Tatra National Park - Slovakia
Tatra National Park
Parent Site Name
The spruce forest ecosystem has been intensively studied since 1990s (resistance to pollution, insect infestation, weather extremes). After large-scale destruction by wind (12,000 ha) in 2004, consequent bark beetle outbreak (7,000 ha) and fire, the research was focused to four research plots (min. 100 ha each). Three of them were damaged by wind disturbance: plot NEX without forestry management (no timber extraction, no afforestation); plot EXT from which timber was extracted and the plot was afforested; plot FIR damaged by fire one year after the wind disturbance. The last plot (REF) is not affected by wind disturbance (reference plot). The monitoring equipment (meteorological stations, dendrometres, transpiration flow sensors, soil lysimeters, precipitation collectors, etc.) was installed in each plot. The focus was mainly on monitoring the spatial variability of soil, vegetation and zoocenoses. Our studies confirmed permanent disturbance regime on the affected area and unexpectedly fast and successful regeneration of ecosystem after damage. The intense, but short-term increase in nutrient flows (especially nitrogen) and the renewal of carbon sequestration confirm the adaptation of ecosystems to this disturbance regime. We found increase in biodiversity (abundance and diversity of fauna and flora) caused by disturbance. Future risk poses projected warming which might dramatically change growing condition for dominant tree species and increase population of bark beetles.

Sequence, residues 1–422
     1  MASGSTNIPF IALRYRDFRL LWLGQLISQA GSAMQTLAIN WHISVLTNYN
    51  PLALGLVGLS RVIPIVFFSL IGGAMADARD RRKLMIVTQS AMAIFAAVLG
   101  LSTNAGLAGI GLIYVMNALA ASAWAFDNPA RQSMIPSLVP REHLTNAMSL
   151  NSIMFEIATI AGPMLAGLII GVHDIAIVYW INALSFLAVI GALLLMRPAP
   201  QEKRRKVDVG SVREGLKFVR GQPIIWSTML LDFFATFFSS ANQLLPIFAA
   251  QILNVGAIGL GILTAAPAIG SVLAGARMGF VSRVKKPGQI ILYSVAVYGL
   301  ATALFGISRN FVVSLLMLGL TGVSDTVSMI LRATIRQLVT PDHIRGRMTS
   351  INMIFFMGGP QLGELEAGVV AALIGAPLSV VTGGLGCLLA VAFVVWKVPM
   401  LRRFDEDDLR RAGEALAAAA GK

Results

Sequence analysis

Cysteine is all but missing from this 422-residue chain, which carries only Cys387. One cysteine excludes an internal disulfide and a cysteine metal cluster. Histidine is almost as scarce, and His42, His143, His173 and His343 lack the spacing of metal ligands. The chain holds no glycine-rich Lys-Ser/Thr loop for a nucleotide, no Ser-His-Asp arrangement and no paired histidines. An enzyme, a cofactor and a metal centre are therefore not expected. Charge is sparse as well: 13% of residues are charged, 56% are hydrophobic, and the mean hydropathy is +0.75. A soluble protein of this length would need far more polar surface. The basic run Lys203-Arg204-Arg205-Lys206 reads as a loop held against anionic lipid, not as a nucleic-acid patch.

General Characteristics, Purpose, History
Four sites (each cca 100 ha) were established in 2004 to study changes caused by an extreme windstorm in larch-spruce forest community on south oriented slopes of the Tatra Mts. The aim is to study long term ecosystem changes (status, processes, services) under various impact (pollution, weather extremes - windfalls, drought, insect infestation) and management approach (managed vs unmanaged forest! to support decision making of NP authorities. The ecosystem itself has been intensively studied since 1990s (resistance to pollution, insect infestation, weather extremes). After large scale destruction (12 000 ha) in 2004 and consequent bark beetle outbreak (7 000 ha), energy and material flows are more intensively studied.
Affiliation and Network Specific Information